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New cholesterol-lowering drug gets federal regulators' approval

Federal drug regulators approved a new cholesterol-lowering medication Friday that doctors are calling a game-changer in the way it reduces the bad form of the compound in the blood.

The medication, called Praluent, is a protein-engineered substance that borrows on technology used to produce targeted cancer drugs in recent years.

U.S. Food and Drug Administration officials approved the medication for specific groups of patients: those who have hereditary conditions that cause their cholesterol levels to skyrocket as well as patients who cannot tolerate statin drugs.

Statins are considered the standard of care for elevated levels of LDL -- low-density lipoprotein -- the bad form of cholesterol.

"There has been a lot of hoopla about this drug at cardiology meetings over the last year or so," said Dr. Richard Shlofmitz, chairman of cardiology at St. Francis Hospital in Flower Hill. "The first important thing is that it doesn't have the same side effects that statins have. And the second, it has to be taken only twice a month, so you don't have to take pills every day."

Praluent, a so-called monoclonal antibody, becomes the first such drug in this country to reduce levels of LDL cholesterol, a key player in the development of arterial plaque. A similar U.S.-manufactured monoclonal antibody was approved earlier this week in Europe.

A monoclonal antibody, generally speaking, is a laboratory cloned protein designed to target a predetermined molecule on a cell and cause that cell to undergo a specific activity. The new drug works in the liver where cholesterol is processed and zeros in on a protein called PCSK9, which normally works by reducing the number of receptors on liver cells.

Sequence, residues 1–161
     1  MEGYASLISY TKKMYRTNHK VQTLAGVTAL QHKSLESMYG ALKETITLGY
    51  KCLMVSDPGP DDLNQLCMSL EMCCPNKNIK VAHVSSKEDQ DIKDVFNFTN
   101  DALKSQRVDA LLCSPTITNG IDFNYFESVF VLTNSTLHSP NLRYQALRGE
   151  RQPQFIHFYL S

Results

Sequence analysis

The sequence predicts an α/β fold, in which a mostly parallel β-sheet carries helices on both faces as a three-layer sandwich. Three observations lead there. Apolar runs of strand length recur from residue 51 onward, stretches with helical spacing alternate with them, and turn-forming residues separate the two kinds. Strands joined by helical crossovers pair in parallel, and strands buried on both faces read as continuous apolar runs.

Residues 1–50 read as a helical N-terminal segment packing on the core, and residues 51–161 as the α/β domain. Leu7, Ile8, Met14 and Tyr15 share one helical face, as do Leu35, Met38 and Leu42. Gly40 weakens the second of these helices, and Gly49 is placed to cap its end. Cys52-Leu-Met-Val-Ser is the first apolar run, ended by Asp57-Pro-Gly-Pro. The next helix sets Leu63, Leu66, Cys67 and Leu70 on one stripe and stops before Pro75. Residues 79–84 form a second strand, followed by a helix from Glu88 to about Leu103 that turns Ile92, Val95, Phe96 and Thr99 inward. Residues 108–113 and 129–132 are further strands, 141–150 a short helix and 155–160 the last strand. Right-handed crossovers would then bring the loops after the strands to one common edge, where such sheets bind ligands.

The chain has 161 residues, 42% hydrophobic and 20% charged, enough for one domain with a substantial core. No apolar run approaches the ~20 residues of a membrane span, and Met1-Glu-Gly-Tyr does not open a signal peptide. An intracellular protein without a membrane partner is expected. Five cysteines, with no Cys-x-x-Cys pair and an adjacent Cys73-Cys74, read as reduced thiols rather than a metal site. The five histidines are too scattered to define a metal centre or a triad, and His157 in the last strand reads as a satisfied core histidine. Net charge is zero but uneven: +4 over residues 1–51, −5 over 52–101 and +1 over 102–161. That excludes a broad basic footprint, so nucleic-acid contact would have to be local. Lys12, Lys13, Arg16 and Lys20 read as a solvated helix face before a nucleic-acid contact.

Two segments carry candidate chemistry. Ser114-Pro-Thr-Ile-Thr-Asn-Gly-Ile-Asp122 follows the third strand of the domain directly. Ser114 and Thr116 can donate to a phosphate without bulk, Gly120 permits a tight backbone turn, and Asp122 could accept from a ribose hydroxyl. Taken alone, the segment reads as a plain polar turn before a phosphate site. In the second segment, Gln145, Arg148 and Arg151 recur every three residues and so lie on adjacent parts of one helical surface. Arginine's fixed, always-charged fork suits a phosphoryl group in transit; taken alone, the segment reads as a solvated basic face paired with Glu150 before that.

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Praluent blocks PCSK9, allowing more liver-cell receptors to remain available to remove LDL cholesterol, and that lowers LDL levels.

An estimated 5,000 people were involved in the clinical trials, which led to the drug's approval, said Dr. Christopher Cannon, a cardiologist at Brigham and Women's Hospital in Boston and a member of the steering committee overseeing the 12 studies involving the medication. Half the patients received Praluent; the rest received a statin drug, Cannon said.

Praluent is self-injected by the patient and a key side effect was itching at the injection site, the studies found.

The drug is a product of Regeneron, a biotechnology company in Tarrytown, Westchester County, and Sanofi in Paris. The manufacturers' wholesale acquisition cost -- the price before discounts or rebates -- is $1,120 every 28 days -- according to corporate literature released yesterday.

"This is a new frontier for the management of patients with high cholesterol," said Dr. Kevin Marzo, chief of cardiology at Winthrop-University Hospital in Mineola. "Statins are here to stay. We all look at statins as first-line therapy."

Statins include a large stable of medications -- Lipitor, Crestor, Zocor and Mevacor, for example. Drugs such as these have been prescribed for decades.

But some patients have familial hypercholesterolemia, a condition that can lead to heart attacks early in life and statins cannot sufficiently lower LDL levels, doctors say.

Also, some people, Marzo noted, can't tolerate statin drugs.

"Right now, we try different statins, or have the patient take the medication every other day, until we find that sweet spot," he said of reaching a level of tolerability.In some instances, the sweet spot remains elusive, added Shlofmitz, who noted that some people have complained of muscle weakness and pain; others have complained of memory loss while on a statin.

Statins, nevertheless, have been found to prevent cardiovascular disease and mortality.

Statistics from the Centers for Disease Control and Prevention indicate that more than 600,000 people die of heart disease, about 1 in every 4 deaths annually.

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